an auxiliary memory of the type not required to be refreshed;
an address decoder coupled to receive a memory address and being operable to decode the address and generate decoded address signals corresponding thereto;
an input/output circuit coupled to the at least one DRAM array, the auxiliary memory, and the address decoder, the input/output circuit being operable to respond to a first control signal by coupling write data from an external data terminal to a location in a block of the at least one DRAM array corresponding to the decoded address signals, or to respond to a second control signal by coupling write data from the external data terminal to a location in the auxiliary memory, or to respond to a third control signal by coupling data from the auxiliary memory to a location in a block of the at least one DRAM array corresponding to the decoded address signals; and
a control circuit coupled to the at least one DRAM array, the auxiliary memory, the address decoder, and the input/output circuit, the control circuit being operable to refresh the at least one DRAM array one block at a time, the control circuit further being operable to generate the first control signal when the block of the at least one DRAM array corresponding to the decoded address signals is not being refreshed, to generate the second control signal when the block of the at least one DRAM array corresponding to the decoded address signals is being refreshed, to generate the third control signal when the block of the at least one DRAM array that was being refreshed when the data was stored in one of the auxiliary memory is no longer being refreshed.
2. The DRAM device of claim 1 wherein the auxiliary memory comprises a static random access memory (“SRAM”) device.
3. The DRAM device of claim 1 wherein the control circuit comprises:
a refresh controller coupled to the at least one DRAM array, the refresh controller being operable to refresh the at least one DRAM array one block at a time; and
a control buffer structured to receive a memory command and to generate the first, second and third control signals corresponding thereto.
4. The DRAM device of claim 1 wherein the plurality of blocks of the at least one DRAM array are physically part of a single DRAM array.
5. The DRAM device of claim 1 wherein the input/output circuit comprises a plurality of complimentary input/output line pairs, the input/output lines being sufficient in number that a first pair of input/output lines may be coupled to one block of the at least one DRAM array while a second pair of input/output lines may be coupled to another block of the at least one DRAM array.
6. The DRAM device of claim 1 further comprising a second auxiliary memory operable to store data in the event the first auxiliary memory is busy storing data or reading or writing data.
7. An integrated circuit dynamic random access memory (“DRAM”) device having an integrated cache system, comprising:
at least one DRAM array divided into a plurality of blocks;
an auxiliary memory coupled to the at least one DRAM array for direct transfer of data from the auxiliary memory to any block of the at least one DRAM array if the block of the at least one DRAM array is not being refreshed; and
an input/output circuit coupled to the at least one DRAM array and the auxiliary memory, the input/output circuit being operable to store write data in a block of the at least one DRAM array to which the write data was directed, and to store write data directed to any block of the at least one DRAM array in the auxiliary memory if the block to which the write data was directed is being refreshed.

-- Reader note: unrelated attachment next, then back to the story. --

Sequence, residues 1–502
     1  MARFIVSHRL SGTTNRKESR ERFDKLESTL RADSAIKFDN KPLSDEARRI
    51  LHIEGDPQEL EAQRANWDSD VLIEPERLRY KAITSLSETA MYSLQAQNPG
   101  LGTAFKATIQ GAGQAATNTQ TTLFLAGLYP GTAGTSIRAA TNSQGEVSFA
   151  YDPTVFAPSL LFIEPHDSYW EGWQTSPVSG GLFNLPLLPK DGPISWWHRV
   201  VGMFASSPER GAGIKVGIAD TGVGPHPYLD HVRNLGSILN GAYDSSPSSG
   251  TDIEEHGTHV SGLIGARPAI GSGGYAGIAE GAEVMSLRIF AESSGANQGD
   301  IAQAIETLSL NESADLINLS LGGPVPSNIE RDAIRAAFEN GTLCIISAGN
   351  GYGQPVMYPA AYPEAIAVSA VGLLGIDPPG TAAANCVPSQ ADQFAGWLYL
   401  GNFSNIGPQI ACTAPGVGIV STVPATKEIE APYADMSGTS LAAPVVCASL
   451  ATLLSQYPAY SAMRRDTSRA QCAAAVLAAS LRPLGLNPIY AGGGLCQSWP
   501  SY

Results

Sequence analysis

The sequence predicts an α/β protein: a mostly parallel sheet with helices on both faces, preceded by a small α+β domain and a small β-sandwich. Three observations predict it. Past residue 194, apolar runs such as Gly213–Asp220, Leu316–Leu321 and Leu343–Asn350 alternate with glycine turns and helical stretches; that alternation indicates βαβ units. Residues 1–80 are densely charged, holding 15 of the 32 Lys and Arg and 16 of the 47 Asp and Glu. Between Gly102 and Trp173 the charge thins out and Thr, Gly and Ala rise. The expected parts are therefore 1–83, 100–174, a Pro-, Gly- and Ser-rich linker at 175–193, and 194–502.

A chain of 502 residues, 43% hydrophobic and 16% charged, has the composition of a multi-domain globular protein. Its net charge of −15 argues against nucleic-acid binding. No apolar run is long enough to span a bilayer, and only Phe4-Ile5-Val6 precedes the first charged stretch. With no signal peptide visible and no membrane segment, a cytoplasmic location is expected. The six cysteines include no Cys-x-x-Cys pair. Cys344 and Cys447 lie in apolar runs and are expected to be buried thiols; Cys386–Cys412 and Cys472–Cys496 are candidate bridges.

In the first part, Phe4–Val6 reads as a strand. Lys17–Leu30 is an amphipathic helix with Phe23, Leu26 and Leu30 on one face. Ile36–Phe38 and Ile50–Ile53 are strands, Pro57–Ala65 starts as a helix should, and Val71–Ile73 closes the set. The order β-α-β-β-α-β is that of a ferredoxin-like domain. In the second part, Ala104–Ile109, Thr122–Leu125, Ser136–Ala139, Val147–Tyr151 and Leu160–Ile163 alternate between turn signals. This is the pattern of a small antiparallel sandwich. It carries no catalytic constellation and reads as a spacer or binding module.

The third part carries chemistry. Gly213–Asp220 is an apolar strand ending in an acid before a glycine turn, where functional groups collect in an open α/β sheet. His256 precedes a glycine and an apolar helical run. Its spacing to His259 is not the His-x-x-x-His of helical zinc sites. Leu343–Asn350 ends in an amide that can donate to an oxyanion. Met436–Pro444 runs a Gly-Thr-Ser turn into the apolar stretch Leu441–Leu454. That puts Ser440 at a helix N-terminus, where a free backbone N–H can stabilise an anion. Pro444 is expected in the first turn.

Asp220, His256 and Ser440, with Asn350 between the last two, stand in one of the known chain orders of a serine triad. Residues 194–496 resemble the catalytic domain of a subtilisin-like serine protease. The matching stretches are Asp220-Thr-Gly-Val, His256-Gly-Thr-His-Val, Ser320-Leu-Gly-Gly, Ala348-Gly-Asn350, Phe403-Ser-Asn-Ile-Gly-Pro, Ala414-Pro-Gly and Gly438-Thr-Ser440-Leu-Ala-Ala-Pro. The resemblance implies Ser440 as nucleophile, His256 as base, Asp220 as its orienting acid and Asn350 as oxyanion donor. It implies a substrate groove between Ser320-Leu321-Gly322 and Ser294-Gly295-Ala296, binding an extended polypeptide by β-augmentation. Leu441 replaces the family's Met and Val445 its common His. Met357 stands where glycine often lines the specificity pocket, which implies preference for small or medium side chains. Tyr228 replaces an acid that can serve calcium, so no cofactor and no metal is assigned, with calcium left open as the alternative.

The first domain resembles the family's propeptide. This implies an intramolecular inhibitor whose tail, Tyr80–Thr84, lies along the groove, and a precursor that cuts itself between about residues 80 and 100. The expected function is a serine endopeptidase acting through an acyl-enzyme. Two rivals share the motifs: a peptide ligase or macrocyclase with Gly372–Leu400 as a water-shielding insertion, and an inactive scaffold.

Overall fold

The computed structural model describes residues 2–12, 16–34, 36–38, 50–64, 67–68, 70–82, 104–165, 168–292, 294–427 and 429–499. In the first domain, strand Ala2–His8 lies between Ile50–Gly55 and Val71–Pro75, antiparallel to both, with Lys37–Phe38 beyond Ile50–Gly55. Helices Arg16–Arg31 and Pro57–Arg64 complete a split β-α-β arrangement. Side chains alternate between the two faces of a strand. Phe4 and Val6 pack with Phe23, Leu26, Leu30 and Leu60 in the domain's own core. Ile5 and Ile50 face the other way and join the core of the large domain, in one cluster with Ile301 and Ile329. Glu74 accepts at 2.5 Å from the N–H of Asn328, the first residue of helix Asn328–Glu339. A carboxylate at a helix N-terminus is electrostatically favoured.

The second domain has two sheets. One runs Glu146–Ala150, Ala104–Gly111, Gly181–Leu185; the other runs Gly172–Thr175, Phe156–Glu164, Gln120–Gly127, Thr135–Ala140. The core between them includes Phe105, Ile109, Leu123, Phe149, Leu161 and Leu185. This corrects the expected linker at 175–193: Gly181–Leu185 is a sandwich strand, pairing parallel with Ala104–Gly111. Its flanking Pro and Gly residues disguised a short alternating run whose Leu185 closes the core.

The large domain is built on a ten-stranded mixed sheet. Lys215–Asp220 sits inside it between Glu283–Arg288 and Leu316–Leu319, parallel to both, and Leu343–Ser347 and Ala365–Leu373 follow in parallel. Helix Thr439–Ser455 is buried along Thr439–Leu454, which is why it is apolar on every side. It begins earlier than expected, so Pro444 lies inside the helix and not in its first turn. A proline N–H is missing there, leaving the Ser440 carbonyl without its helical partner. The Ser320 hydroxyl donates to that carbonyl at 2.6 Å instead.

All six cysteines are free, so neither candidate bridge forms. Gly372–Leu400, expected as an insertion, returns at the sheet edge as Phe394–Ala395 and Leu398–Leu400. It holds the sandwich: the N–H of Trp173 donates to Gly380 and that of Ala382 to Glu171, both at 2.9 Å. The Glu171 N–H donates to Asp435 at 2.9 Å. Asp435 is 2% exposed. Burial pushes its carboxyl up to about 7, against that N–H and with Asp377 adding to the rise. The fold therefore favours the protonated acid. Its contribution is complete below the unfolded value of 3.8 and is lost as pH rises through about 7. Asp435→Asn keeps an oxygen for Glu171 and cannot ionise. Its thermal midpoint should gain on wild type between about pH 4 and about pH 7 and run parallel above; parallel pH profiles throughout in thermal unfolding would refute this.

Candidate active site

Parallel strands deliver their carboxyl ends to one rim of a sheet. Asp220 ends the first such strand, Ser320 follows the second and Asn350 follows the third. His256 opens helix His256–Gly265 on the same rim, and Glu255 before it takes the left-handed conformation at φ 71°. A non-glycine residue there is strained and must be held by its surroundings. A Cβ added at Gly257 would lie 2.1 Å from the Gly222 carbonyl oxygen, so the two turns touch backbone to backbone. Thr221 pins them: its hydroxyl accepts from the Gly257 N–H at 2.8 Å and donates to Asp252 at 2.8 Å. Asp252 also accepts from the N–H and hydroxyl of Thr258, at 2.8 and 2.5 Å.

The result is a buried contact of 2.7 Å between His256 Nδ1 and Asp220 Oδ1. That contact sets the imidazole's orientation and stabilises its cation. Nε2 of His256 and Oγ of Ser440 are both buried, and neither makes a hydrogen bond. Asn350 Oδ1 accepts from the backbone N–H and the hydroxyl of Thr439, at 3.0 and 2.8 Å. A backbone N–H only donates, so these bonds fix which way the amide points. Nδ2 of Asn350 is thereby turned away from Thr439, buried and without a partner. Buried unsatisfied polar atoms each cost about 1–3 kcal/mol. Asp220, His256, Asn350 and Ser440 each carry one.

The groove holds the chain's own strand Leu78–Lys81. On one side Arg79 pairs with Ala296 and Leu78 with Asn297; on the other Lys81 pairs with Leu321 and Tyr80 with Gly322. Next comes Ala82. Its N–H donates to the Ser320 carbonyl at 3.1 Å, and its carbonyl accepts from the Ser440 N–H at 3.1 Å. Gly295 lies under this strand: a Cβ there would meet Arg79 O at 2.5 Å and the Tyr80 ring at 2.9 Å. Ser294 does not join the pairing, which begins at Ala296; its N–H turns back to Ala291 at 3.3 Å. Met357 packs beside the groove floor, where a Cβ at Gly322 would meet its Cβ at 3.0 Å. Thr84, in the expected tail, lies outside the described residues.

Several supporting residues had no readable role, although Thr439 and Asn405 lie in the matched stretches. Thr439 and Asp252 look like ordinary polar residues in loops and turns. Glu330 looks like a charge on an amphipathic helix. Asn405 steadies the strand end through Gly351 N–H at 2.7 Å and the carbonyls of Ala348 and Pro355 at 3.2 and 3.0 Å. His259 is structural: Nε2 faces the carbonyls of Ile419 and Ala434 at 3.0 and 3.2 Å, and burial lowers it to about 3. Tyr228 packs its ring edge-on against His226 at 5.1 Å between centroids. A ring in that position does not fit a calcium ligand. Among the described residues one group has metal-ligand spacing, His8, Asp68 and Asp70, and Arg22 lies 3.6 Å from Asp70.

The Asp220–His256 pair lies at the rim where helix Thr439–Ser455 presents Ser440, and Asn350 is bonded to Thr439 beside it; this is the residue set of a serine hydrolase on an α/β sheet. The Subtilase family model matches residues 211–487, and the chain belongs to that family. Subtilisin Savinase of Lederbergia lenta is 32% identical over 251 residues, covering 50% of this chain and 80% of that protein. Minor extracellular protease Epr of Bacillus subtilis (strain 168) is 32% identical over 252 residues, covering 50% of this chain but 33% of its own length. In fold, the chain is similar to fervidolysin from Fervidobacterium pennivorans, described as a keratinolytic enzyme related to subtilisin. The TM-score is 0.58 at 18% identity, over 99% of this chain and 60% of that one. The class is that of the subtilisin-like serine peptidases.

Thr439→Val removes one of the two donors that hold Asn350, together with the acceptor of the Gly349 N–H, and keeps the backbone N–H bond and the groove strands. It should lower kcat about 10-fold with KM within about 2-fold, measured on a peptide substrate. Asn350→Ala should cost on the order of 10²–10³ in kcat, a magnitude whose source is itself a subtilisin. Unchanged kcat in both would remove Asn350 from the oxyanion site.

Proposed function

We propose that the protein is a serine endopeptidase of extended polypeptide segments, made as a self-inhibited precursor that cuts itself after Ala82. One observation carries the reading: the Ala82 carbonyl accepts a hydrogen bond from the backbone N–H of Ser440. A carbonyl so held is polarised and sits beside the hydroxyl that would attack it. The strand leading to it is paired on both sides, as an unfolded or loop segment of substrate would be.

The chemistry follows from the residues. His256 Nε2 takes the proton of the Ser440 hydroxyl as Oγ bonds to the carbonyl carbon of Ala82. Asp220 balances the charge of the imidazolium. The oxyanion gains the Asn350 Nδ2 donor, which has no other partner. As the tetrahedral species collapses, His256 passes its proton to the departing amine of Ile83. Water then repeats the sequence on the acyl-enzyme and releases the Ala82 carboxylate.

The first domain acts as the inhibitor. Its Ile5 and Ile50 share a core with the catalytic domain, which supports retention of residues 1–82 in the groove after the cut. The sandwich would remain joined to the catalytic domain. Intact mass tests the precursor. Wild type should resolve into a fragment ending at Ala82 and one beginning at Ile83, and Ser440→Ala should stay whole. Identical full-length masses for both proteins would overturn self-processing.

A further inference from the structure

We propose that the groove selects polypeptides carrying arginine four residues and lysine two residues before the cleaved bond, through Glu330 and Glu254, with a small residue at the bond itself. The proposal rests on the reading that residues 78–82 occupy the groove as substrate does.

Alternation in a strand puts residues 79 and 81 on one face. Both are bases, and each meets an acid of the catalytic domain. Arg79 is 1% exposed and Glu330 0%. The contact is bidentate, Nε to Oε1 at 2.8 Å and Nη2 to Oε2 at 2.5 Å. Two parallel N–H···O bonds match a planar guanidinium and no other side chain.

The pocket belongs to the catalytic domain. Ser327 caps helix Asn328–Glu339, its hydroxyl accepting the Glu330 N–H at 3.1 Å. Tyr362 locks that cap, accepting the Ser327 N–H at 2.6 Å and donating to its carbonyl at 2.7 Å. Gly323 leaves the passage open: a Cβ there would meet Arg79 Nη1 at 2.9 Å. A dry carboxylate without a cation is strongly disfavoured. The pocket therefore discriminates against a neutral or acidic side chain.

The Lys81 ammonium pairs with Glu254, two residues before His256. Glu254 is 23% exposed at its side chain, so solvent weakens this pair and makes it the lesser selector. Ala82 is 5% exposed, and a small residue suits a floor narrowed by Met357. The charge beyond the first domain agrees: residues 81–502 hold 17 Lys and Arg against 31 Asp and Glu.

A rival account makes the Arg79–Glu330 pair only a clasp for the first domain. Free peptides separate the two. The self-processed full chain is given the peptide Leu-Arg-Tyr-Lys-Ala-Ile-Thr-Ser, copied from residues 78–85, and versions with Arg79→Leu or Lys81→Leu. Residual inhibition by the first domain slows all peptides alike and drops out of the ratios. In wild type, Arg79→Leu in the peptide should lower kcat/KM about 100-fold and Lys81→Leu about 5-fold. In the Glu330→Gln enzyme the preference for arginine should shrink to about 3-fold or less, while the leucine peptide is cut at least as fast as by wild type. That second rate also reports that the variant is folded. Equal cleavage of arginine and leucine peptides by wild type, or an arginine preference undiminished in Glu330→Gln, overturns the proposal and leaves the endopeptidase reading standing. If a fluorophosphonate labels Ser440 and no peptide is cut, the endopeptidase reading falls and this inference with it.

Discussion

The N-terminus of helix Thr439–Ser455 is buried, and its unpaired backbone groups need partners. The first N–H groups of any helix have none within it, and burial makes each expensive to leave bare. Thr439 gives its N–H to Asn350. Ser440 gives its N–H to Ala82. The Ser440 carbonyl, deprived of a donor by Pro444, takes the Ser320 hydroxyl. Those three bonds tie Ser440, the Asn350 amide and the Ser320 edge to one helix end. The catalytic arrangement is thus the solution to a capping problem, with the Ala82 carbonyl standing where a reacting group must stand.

8. The DRAM of claim 7 wherein the plurality of blocks of the at least one DRAM array are physically part of a single DRAM array.
9. The DRAM of claim 7 wherein the input/output circuit comprises a plurality of complimentary input/output line pairs, the input/output lines being sufficient in number that a first pair of input/output lines may be coupled to one block of the at least one DRAM array while a second pair of input/output lines may be coupled to another block of the at least one DRAM array.
10. The DRAM of claim 7 wherein the auxiliary memory comprises a static random access memory device.
11. A processor-based system, comprising:
a processor having a processor bus;
an input device coupled to the processor through the processor bus and adapted to allow data to be entered into the computer system;
an output device coupled to the processor through the processor bus adapted to allow data to be output from the computer system; and
a system controller coupled to the processor bus;
an integrated circuit system memory and cache system coupled to the processor through the system controller, comprising:
at least one DRAM array divided into a plurality of blocks;
an auxiliary memory of the type not required to be refreshed;
an address decoder coupled to receive a memory address and being operable to decode the address and generate decoded address signals corresponding thereto;
an input/output circuit coupled to the at least one DRAM array, the auxiliary memory, and the address decoder, the input/output circuit being operable to respond to a first control signal by coupling write data from an external data terminal to a location in a block of the at least one DRAM array corresponding to the decoded address signals, or to respond to a second control signal by coupling write data from the external data terminal to a location in the auxiliary memory, or to respond to a third control signal by coupling data from the auxiliary memory to a location in a block of the at least one DRAM array corresponding to the decoded address signals; and